Writing by Peter Hilton

Three principles for remote meetings that work

How to discover specific guidelines and practices for your situation - 23 June 2020 #remote

Man looks serious while using laptop

unsplash-logoJonas Leupe

It doesn’t take many remote meetings to experience a wide range between the worst and the best, between meetings more dysfunctional than the worst in-person meetings, and meetings that just work. It also doesn’t take many web searches for good/effective/productive/efficient meetings to find endless ‘rules’ for good meetings, which help, but don’t explain anything.

The following principles can help you recognise good remote meetings:

  1. Use good meeting practices
  2. Embrace inclusivity
  3. Use the tools you need

You may benefit from other principles: this list certainly doesn’t cover everything, but may help you think about what matters.

Use good meeting practices

Good meeting practices, such as an explicit meeting purpose, agenda (scope) and expected outcome, do not only improve remote meetings. However, remote meetings suffer more from sloppy preparation and structure than in-person meetings. When everyone meets in the same room, you don’t need those practices less, but you might appear to get away with skipping them.

Good practices already exist for decades, which makes them easy to discover and learn about. Search the web for good/effective/productive meetings instead of sticking to a short list of guidelines that someone else needed. Everyone has a different context, and some guidelines will have more relevance for your meetings than others.

Embrace inclusivity

In the worst dysfunctional meetings, some participants cannot see and hear the discussion, or the other attendees cannot hear them. In the same way that failing to use good practices has a bigger impact in remote meetings, excluding meeting participants affects remote meetings more than in-person meetings. Excluding people also happens more often in remote meetings, as more things can go wrong.

More broadly, an inclusivity mindset affects more than meetings. Non-inclusive management and collaboration styles translate badly to remote work (if they ever worked in the first place). Inclusivity requires empathy, specifically the ability to recognise and care about the behaviours and situations that exclude people in practice. Exclusions to prevent include situations when a meeting participant:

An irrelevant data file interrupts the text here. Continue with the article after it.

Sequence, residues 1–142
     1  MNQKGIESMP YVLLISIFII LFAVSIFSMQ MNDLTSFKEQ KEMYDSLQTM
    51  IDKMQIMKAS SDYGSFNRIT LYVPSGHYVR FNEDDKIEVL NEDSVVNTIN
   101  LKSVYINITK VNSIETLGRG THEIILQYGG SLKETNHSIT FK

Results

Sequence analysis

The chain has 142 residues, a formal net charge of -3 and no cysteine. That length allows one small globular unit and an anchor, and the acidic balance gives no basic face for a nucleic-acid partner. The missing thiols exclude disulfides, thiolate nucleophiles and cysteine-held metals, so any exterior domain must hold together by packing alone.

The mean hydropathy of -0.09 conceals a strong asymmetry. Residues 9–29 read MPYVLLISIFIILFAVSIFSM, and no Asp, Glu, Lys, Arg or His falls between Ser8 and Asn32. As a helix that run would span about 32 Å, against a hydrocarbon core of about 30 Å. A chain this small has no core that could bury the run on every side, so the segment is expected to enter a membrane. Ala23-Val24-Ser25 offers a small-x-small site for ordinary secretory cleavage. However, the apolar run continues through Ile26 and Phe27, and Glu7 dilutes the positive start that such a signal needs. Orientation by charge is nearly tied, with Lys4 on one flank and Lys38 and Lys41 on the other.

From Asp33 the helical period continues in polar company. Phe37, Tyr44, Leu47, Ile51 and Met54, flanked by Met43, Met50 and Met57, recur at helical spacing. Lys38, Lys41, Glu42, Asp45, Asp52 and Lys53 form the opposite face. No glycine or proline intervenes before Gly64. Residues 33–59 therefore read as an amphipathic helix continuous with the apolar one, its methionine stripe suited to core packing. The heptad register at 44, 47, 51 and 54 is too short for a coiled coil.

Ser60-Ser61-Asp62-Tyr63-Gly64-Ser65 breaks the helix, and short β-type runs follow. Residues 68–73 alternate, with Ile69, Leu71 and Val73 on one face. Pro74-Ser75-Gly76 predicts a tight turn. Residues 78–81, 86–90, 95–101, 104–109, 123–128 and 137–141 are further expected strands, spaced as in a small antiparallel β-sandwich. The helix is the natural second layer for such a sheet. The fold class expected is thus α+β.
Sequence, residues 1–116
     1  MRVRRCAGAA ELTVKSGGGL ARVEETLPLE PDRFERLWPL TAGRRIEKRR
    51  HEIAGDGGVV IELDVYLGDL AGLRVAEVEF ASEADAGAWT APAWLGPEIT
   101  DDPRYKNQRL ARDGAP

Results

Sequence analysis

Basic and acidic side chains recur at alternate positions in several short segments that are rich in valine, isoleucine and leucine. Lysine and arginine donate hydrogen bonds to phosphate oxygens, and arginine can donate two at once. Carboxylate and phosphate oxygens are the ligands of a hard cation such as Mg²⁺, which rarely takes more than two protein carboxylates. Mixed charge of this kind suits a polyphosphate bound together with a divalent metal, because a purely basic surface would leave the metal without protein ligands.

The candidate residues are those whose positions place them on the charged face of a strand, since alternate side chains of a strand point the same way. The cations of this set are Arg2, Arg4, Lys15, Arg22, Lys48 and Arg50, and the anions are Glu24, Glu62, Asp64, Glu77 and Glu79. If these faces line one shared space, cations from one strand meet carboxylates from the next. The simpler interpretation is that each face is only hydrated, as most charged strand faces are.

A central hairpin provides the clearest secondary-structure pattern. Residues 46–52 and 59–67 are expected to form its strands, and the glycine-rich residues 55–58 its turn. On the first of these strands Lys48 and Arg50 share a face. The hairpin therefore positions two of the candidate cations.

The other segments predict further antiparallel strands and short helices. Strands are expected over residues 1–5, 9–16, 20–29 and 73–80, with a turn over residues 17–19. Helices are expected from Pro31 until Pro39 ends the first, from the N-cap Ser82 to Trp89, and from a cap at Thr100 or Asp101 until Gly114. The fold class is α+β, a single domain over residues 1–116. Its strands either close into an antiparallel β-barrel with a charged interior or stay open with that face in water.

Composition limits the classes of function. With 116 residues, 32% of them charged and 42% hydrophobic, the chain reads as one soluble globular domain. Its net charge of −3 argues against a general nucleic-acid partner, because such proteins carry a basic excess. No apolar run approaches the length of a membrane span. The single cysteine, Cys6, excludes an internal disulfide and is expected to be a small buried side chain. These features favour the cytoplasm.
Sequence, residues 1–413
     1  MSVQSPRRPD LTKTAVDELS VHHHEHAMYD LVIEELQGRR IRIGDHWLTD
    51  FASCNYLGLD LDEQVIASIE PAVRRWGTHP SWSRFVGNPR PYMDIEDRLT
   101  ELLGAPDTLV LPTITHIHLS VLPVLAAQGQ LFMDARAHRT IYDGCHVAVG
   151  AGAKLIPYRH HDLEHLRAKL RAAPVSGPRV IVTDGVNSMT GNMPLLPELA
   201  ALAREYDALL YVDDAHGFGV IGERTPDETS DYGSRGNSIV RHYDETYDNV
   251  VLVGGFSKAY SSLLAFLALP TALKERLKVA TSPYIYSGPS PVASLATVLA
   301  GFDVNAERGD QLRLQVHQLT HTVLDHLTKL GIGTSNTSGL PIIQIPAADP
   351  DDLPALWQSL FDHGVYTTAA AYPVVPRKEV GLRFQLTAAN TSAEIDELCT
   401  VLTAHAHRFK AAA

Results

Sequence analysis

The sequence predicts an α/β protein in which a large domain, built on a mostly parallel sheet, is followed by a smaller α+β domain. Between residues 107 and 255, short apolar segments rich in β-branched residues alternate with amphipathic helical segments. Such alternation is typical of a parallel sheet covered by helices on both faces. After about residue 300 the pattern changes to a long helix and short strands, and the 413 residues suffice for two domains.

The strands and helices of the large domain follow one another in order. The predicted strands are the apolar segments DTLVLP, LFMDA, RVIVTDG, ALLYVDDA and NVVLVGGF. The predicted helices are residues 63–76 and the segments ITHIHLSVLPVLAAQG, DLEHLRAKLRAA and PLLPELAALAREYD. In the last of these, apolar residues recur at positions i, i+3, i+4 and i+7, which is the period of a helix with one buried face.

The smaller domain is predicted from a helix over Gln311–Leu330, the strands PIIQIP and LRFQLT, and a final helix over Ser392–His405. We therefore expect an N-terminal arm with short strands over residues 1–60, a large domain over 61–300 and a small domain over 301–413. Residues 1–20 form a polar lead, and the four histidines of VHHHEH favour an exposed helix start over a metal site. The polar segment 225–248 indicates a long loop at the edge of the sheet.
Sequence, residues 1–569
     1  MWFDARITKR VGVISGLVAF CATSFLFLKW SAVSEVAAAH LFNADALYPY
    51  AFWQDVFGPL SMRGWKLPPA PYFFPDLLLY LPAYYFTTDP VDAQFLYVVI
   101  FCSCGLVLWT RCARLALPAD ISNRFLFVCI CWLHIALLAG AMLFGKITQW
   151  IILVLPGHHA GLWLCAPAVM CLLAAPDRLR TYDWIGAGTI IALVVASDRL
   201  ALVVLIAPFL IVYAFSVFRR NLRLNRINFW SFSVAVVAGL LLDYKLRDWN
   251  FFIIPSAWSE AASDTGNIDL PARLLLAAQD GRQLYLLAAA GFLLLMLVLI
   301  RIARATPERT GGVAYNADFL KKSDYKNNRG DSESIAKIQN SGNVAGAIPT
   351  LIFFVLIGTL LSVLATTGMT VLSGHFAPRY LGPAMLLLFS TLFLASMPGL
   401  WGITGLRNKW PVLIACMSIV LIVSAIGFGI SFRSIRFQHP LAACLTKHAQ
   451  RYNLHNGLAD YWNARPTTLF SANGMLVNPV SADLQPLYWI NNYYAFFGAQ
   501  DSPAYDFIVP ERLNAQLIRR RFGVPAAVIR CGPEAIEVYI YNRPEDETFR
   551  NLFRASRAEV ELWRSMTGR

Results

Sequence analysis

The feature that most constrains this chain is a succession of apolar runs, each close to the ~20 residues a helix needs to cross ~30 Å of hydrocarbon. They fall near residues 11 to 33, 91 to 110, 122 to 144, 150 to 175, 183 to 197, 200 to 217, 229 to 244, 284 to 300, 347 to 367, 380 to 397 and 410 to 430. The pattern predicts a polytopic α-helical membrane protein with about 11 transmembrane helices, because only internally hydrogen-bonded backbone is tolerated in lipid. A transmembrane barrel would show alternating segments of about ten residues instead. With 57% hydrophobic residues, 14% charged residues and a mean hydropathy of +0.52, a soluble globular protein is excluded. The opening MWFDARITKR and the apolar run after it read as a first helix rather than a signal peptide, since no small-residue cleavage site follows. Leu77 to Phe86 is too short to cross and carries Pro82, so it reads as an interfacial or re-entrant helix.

• cannot hear someone talking because they don’t have a headset, or sit too far from a meeting room microphone
  • doesn’t knowing who joined the meeting, when some participants use a meeting room
  • cannot tell what happened when the talking stops
  • cannot join discussions because audio delay makes it impossible to interrupt without speaking over someone.

Remote meeting participants, especially organisers, need to learn about specific ways that remote meetings can exclude people, and check that they don’t have those problems.

Use the tools you need

Effective remote meetings require more than telephone dial-in. And video-conferencing often proves essential, but also not sufficient. In general, some people wrongly consider remote meetings ineffective because they do them wrong.

The necessary tools depend on the meeting type and purpose, and the number of attendees. Required tools may include:

  • Video-conferencing
  • Headset and webcam for each participant
  • Group chat, e.g. Slack
  • Group document editing, e.g. Google Docs
  • Group white-boarding, e.g. Miro

In the end, you get much better at this kind of thing as soon as you care and start thinking about how to improve. Provided that everyone does, of course.